What may surprise potential readers, as it did me, was the fact that many of her stories are not at all scandalous or obscenity riddled. Many are touching, heartfelt accounts of experiences in her life. She talks candidly about what it is like to be rich after years of barely getting by; she shares the hard truth about her first non-consensual sexual experience and her abusive relationship; she tells of the relentlessness of making it in comedy and the extra work she had to put in because she is a woman; she talks honestly about break ups and illness and her intense need for solitude…all essays are that thought-provoking and powerful without being at all incendiary. But there are some racy essays too, because, let’s face it this is Amy Schumer and raunchy is her bread and butter.

A fun, fast read that made me like and appreciate her even more than I already did.


A Wedding In Provence by Ellen Sussman (2014)

More American couples get married in June than any other month, and so the start of summer means that a huge number of us will be celebrating an anniversary, a guest at a wedding, or perhaps, getting married ourselves. Weddings bring out a host of strong, conflicting emotions for all involved which makes them a popular topic for novelists to mine.

A Wedding in Provence uses the wedding on a couple in their fifties, both entering into a second marriage, as the setting in which to explore the complex issues surrounding love, marriage, commitment, loneliness, and family. Set at a gorgeous inn in the hills above the Mediterranean Sea, Olivia and Brody have flown from American to celebrate their wedding weekend with a small circle of friends, including Olivia’s two adult daughters. The heightened importance of the occasional strongly affects all of the guests; soon each person is forced to face their own feelings about marriage and relationships… both the good and bad.

Although the novel is short and uncomplicated, it offers a lovely set of stories about love and romance in a beautiful setting, and was worth a read. Although I feel I must add, my favorite book about weddings and the emotions they stir up remains Elin Hilderbrand’s Beautiful Day. Be sure to check that one out as well.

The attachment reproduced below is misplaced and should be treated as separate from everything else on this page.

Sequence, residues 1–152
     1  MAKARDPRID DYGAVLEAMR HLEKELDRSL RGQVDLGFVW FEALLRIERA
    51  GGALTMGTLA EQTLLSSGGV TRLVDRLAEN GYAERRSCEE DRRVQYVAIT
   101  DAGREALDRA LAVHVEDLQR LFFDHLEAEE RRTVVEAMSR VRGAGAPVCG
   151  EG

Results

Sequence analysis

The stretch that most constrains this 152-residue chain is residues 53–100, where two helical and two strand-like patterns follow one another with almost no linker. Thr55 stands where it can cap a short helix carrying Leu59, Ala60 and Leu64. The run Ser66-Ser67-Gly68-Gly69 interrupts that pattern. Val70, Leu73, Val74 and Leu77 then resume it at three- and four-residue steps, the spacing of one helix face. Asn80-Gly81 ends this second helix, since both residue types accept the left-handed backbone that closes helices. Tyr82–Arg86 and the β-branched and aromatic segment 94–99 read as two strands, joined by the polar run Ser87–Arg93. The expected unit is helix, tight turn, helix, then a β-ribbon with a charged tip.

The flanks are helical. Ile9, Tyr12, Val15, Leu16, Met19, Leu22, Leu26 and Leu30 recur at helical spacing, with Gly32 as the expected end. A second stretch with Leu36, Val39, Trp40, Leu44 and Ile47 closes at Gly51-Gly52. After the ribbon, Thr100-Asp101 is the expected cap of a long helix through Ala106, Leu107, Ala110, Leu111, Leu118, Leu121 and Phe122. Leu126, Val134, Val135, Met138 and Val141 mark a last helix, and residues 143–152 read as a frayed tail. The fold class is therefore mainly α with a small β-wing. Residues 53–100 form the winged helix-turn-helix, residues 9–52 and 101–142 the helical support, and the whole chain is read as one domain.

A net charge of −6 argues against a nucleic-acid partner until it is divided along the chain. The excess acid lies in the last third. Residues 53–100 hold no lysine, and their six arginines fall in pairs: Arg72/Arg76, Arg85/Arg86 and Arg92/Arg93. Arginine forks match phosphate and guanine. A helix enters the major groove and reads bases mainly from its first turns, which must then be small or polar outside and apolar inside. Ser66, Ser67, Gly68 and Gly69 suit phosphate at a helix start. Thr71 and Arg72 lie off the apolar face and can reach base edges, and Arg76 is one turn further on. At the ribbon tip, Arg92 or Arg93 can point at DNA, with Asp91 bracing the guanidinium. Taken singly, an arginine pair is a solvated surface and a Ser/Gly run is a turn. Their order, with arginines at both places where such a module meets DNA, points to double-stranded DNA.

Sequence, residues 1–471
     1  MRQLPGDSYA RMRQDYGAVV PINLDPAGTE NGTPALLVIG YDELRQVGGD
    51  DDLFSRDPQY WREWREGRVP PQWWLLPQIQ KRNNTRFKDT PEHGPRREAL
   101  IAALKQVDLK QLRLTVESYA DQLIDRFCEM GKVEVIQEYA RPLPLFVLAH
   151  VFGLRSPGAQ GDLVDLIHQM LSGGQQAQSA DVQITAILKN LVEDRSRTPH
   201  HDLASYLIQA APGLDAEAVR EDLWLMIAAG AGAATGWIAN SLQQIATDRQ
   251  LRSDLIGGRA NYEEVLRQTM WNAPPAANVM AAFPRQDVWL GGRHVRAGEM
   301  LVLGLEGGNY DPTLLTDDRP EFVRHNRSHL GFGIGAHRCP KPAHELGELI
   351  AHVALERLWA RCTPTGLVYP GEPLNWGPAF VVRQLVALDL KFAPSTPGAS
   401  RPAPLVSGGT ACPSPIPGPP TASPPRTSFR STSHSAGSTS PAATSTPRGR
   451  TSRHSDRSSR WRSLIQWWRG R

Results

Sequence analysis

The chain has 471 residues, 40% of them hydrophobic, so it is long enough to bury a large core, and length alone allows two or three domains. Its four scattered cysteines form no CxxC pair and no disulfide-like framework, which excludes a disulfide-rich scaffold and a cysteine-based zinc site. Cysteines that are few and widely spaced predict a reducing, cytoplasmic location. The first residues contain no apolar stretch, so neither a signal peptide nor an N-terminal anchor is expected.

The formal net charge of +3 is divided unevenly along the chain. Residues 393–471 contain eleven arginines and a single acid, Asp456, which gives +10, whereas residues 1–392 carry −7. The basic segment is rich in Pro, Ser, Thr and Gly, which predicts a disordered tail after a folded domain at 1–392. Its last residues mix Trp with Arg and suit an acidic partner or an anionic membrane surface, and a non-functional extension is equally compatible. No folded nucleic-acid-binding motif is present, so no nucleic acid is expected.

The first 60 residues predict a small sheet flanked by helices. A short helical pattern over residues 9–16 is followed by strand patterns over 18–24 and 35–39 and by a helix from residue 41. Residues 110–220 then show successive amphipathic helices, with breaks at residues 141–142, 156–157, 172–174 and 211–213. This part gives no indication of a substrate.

Managing Family Library Loans for Summer

My family and I are extraordinarily heavy library users all year long. Our family of five visits our library, in person or on-line, every single day of the year in order to place on hold or check out books, magazines, movies, CD’s, e-books, audio-books, and to attend library programs, including book clubs for all ages.

In the summer however, when school is out and the long, lazy days of summer stretch out in front of us, we become downright professional library goers. Since I do not sign my children up for summer camps (other than one week of overnight camp for the 8+ crowd) and because they are very prolific readers, they spend several hours every single day reading or listening to books. And that is just on regular summer days; the long, hot car rides to and from family beach and camping vacations mean even more books are needed than usual.

My husband and I, prolific library book readers in our own right, also kick in to high gear in with our summer book check-outs, since we have hours of lounging by the pool or on the beach (while our kids splash and play) to read; not to mention those hot summer evenings when there is nothing better than sitting on the porch sipping wine and reading novels while the fireflies light up the yard.

Since we are regularly checking out the maximum 99 items from the library in the summer, I am often asked things like “how many books a week do you lose?” or “how much do you pay every week in fines!?” It is generally assumed that , in order to keep up with all of this reading, we must pay a price. But that is not the case! We have only lost one book in nine years and the only fines we pay are for books we just have to finish but cannot renew. People do not believe me when I tell them this, but all of the librarians at our local branch can vouch for us…in fact, it is a running joke among the librarians that my family single-handedly boosts our branch’s circulation.

As the child of a librarian (who was also the mother of five readers, not including her and my father who also read constantly), I grew up with a regimented system for organizing library books which I employ for our family and it has been near fool-proof.

Here are our secrets: